Cicero: Selected Letters (Penguin Classics)

Cicero: Selected Letters (Penguin Classics)

Marcus Tullius Cicero

Language: English

Pages: 288

ISBN: 0140444580

Format: PDF / Kindle (mobi) / ePub

The greatest orator in Roman history, Marcus Tullius Cicero remained one of the republic's chief supporters throughout his life, guided by profound political beliefs that illuminated his correspondence with both close friends and powerful aristocrats. A chronicle of a crumbling civilization during the era when the republic disintegrated and was replaced by despotism, his Letters portray a world dominated by characters who have since acquired almost mythic status - including Pompey, Caesar, Brutus, Cassius, and Mark Antony. Whether describing the vagaries of war, the collapse of Roman society, his beloved republic, or his own personal domestic dramas, all compellingly reflect the complex personality of an honourable and selfless man whose refusal to compromise ultimately cost him his life.





















envoy. LEGION: Roman army unit with full complement of 6,000 men divided into ten cohorts. Each legion was officered by six Military Tribunes. Each cohort had six Centurions, the highest in rank being called primi pili (Chief Centurion). The ensign of a Legion was an eagle, and each cohort had its standard (signum). LEX CORNELIA (de provinciis): Law of Sulla regulating provincial administration. LEX CURIATA: See above, CURIATE LAW. LEX JULIA (de provinciis): Consular law of Caesar’s on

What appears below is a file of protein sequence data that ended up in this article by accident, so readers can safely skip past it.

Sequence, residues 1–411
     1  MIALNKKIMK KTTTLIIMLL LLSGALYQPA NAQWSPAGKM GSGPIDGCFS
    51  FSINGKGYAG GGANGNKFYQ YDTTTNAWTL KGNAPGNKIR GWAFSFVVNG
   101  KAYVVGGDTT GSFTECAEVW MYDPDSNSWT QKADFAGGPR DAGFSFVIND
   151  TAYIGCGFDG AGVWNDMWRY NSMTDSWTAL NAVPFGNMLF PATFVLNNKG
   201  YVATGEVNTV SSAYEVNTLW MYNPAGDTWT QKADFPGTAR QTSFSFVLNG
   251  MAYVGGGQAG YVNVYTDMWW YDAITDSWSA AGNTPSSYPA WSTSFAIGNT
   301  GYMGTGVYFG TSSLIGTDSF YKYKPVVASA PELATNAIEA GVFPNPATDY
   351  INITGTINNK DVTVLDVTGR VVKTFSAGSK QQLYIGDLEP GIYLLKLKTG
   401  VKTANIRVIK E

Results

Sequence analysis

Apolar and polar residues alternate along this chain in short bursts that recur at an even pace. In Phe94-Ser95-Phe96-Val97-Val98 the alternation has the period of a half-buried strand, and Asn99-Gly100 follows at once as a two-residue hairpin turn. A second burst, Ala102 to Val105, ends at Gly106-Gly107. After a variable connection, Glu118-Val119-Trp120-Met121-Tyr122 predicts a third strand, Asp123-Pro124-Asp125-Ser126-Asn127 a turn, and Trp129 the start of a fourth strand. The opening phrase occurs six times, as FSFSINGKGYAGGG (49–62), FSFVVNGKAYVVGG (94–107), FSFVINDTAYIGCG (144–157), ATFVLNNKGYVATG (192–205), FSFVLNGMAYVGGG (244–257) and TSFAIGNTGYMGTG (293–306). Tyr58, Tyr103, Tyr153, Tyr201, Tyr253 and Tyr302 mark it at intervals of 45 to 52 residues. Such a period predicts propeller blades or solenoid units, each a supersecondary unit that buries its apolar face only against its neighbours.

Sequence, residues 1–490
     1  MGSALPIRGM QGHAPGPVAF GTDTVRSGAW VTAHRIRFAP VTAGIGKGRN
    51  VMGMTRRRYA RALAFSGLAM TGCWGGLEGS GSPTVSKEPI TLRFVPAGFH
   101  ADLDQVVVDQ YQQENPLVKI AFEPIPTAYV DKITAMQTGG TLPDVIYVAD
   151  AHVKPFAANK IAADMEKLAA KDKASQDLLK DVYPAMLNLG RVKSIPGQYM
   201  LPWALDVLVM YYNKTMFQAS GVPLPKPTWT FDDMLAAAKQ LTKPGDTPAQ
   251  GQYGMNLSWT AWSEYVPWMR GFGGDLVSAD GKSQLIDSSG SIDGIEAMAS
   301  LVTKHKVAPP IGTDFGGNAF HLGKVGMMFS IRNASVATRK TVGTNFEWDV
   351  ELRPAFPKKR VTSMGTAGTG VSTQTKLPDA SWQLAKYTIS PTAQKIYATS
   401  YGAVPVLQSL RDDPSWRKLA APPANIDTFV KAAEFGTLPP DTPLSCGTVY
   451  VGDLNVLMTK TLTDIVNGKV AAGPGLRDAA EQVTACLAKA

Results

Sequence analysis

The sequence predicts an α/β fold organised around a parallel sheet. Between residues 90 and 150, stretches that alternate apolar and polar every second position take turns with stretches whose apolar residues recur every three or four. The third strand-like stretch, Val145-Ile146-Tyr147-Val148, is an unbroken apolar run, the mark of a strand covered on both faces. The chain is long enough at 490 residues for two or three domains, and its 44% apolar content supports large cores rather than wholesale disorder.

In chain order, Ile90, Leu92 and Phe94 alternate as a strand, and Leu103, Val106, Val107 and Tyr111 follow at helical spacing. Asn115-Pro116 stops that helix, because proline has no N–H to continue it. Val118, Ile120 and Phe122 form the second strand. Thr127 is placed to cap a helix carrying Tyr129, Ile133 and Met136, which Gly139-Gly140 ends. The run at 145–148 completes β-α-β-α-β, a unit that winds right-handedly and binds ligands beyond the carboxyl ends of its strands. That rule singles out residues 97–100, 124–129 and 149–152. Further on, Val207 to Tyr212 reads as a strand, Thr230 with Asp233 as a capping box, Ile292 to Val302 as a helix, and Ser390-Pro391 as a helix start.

Perhaps more probably Hortensius’ nephew Messalla Rufus, Consul in 53. 128. This is aimed especially at Hortensius (cf. the foregoing letter to Quintus). How much warrant Cicero had for such accusations is uncertain. 129. P. Clodius’ brother Appius. 130. Ironical. Favonius’ official rank was humble, ex-Quaestor or at most ex-Tribune. 131. After demolishing Cicero’s house on the Palatine Clodius had consecrated part of the site to the goddess Liberty. To allow Cicero to rebuild, this

about it. He is not scared of what happened to me, for he is never going to follow anybody’s envious and treacherous advice or put his trust in a sluggish nobility. My heart is high, higher even than in my palmy days, but my purse is low. None the less, with the help of my friends and against his opposition, I am repaying my brother’s generosity, so far as my resources allow, so as not to be left entirely penniless. With you away I don’t know what line to take as to my position in general. So

have seen the athletes! Pompey himself admits that they were a waste of time and midday oil!190 That leaves the hunts, two every day for five days, magnificent – nobody says otherwise. But what pleasure can a cultivated man get out of seeing a weak human being torn to pieces by a powerful animal or a splendid animal transfixed by a hunting spear? Anyhow, if these sights are worth seeing, you have seen them often; and we spectators saw nothing new. The last day was for the elephants. The

chief care must be for your health, if you want us345 to keep ours. 22nd, from Formiae. 63 Q. CICERO TO TIRO Rome or Campania, January 49 From Q. Cicero to Tiro greetings. Your health makes us terribly anxious. Travellers report ‘no danger, but it will take time’, which is a great consolation. Still it’s a huge anxiety, if you are going to be away from us for long. Missing you brings home to us how useful and pleasant it is to have you. But though I long to see you with my every

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